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Court Won’t Stop Execution Of Mexican National

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File photo of a death chamber. (credit: Mike Simons/Getty Images)

File photo of a death chamber. (credit: Mike Simons/Getty Images)

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HUNTSVILLE, Texas (AP) — A Mexican national moved a step closer to lethal injection Wednesday when a federal appeals court rejected a claim that he was mentally impaired and ineligible to be put to death for the fatal shooting of a Houston police officer 20 years ago.

Texas officials opposed appeals to stop the scheduled lethal injection of Edgar Tamayo, 46, for killing Officer Guy Gaddis, 24, despite pleas and diplomatic pressure from the Mexican government and the U.S. State Department.

Tamayo’s lawyers went to the U.S. Supreme Court after the 5th U.S. Circuit Court of Appeals said an appeal this week renewing an earlier contention that Tamayo was mentally impaired and ineligible for execution was filed too late.

Tamayo’s attorneys argued the Inter-American Commission on Human Rights, an arm of the Organization of American States, had determined only last week that Tamayo was mentally impaired. Lawyers contended Tamayo should be granted an exception to court rules barring such new last-minute appeals.

His attorneys also appealed a federal judge’s refusal to stop the Texas Board of Pardons and Paroles from a clemency recommendation in Tamayo’s case because of what they argued were unfair procedures by the panel. The board, appointed by Gov. Rick Perry, can recommend he grant clemency. As it has in nearly all previous death penalty cases, the panel rejected Tamayo’s request for clemency.

“It doesn’t matter where you’re from,” Perry spokeswoman Lucy Nashed said. “If you commit a despicable crime like this in Texas, you are subject to our state laws, including a fair trial by jury and the ultimate penalty.”

Gaddis, who had been on the force for two years, was driving Tamayo and another man from a robbery scene when evidence showed the officer was shot three times in the head and neck with a pistol Tamayo had concealed in his pants. The car crashed, and Tamayo fled on foot but was captured a few blocks away, still in handcuffs, carrying the robbery victim’s watch and wearing the victim’s necklace.

Tamayo’s attorneys and the Mexican government contend Tamayo’s case was tainted because he wasn’t advised under an international agreement that he could get legal help from his home nation after his arrest. Records show the consulate became involved or aware of the case just as his trial was to begin.

Secretary of State John Kerry previously asked Texas Attorney General Greg Abbott to delay Tamayo’s punishment, saying it “could impact the way American citizens are treated in other countries.” The State Department repeated that stance Tuesday.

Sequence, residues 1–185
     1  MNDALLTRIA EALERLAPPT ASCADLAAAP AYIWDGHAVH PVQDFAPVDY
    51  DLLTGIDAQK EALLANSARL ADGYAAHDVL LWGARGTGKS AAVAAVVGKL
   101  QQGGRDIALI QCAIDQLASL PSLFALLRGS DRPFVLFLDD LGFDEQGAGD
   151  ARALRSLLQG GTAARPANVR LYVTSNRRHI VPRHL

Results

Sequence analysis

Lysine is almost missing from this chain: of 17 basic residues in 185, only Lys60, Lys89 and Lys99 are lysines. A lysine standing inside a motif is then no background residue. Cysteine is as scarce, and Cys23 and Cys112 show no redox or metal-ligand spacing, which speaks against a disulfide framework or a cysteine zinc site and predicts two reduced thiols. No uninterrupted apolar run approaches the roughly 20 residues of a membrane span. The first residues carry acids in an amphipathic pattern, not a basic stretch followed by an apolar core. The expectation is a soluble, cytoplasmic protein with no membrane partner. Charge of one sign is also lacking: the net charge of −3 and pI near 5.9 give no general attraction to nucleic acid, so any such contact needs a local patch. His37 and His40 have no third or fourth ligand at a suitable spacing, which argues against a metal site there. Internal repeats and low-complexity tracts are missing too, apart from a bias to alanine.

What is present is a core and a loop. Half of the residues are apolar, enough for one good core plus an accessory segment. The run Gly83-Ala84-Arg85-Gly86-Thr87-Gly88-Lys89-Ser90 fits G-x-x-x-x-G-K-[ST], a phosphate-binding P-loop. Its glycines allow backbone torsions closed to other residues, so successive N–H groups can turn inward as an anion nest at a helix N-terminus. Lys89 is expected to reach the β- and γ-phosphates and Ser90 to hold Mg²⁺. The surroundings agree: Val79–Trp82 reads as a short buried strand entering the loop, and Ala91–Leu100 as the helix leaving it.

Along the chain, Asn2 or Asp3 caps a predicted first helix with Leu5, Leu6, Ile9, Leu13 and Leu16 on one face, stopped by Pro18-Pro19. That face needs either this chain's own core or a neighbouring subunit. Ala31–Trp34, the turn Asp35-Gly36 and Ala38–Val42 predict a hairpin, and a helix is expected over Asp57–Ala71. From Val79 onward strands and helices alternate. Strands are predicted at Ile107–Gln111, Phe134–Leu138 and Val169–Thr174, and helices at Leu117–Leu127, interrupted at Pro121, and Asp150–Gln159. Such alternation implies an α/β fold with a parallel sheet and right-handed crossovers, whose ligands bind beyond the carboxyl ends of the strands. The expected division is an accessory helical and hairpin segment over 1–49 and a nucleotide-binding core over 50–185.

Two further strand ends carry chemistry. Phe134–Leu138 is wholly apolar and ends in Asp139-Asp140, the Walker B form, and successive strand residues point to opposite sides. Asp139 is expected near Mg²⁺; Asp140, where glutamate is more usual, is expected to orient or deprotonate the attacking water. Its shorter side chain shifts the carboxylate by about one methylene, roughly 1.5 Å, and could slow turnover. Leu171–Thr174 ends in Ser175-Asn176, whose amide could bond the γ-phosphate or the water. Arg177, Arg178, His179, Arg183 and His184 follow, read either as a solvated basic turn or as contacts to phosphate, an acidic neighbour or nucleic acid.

But Abbott’s office and the Harris County district attorney opposed postponing what would be the first execution this year in the nation’s most active capital punishment state, where 16 people were put to death in 2013.

At least two other inmates in circumstances similar to Tamayo’s were executed in Texas in recent years.

The Mexican government said in a statement this week it “strongly opposed” the execution and said failure to review Tamayo’s case and reconsider his sentence would be “a clear violation by the United States of its international obligations.”

Mexican officials and Tamayo’s attorneys contend he was protected under a provision of the 1963 Vienna Convention on Consular Relations. Legal assistance guaranteed under that treaty could have uncovered evidence to contest the capital murder charge or provide evidence to keep Tamayo off death row, they said.

“We obviously take our international obligations very seriously to provide consular notification and access. And we will continue to work to uphold these obligations,” State Department spokeswoman Marie Harf said at a Wednesday media briefing in Washington, D.C.

“Mr. Tamayo was convicted of killing a police officer. It’s not that we don’t take that seriously — it’s that we take seriously our obligations to uphold consular access for folks incarcerated here because we go all over the world and ask other countries to do the same thing and apply those same obligations when our folks are incarcerated overseas,” she also said.

Tamayo was in the U.S. illegally and had a criminal record in California, where he had served time for robbery and was paroled, according to prison records.

“Not one person is claiming the suspect didn’t kill Guy Gaddis,” Ray Hunt, president of the Houston Police Officers’ Union, said. “He had the same rights as you and I would have.

“This has been looked at, heard, examined and it’s time for the verdict of the jury to be carried out.”

Tamayo was among more than four dozen Mexican nationals awaiting execution in the U.S. when the International Court of Justice in The Hague, Netherlands, ruled in 2004 they hadn’t been advised properly of their consular rights. The Supreme Court subsequently said hearings urged by the international court in those inmates’ cases could be mandated only if Congress implemented legislation to do so.

“Unfortunately, this legislation has not been adopted,” the Mexican foreign ministry acknowledged.

(Copyright 2014 The Associated Press. All rights reserved. This material may not be published, broadcast, rewritten or redistributed.)

 

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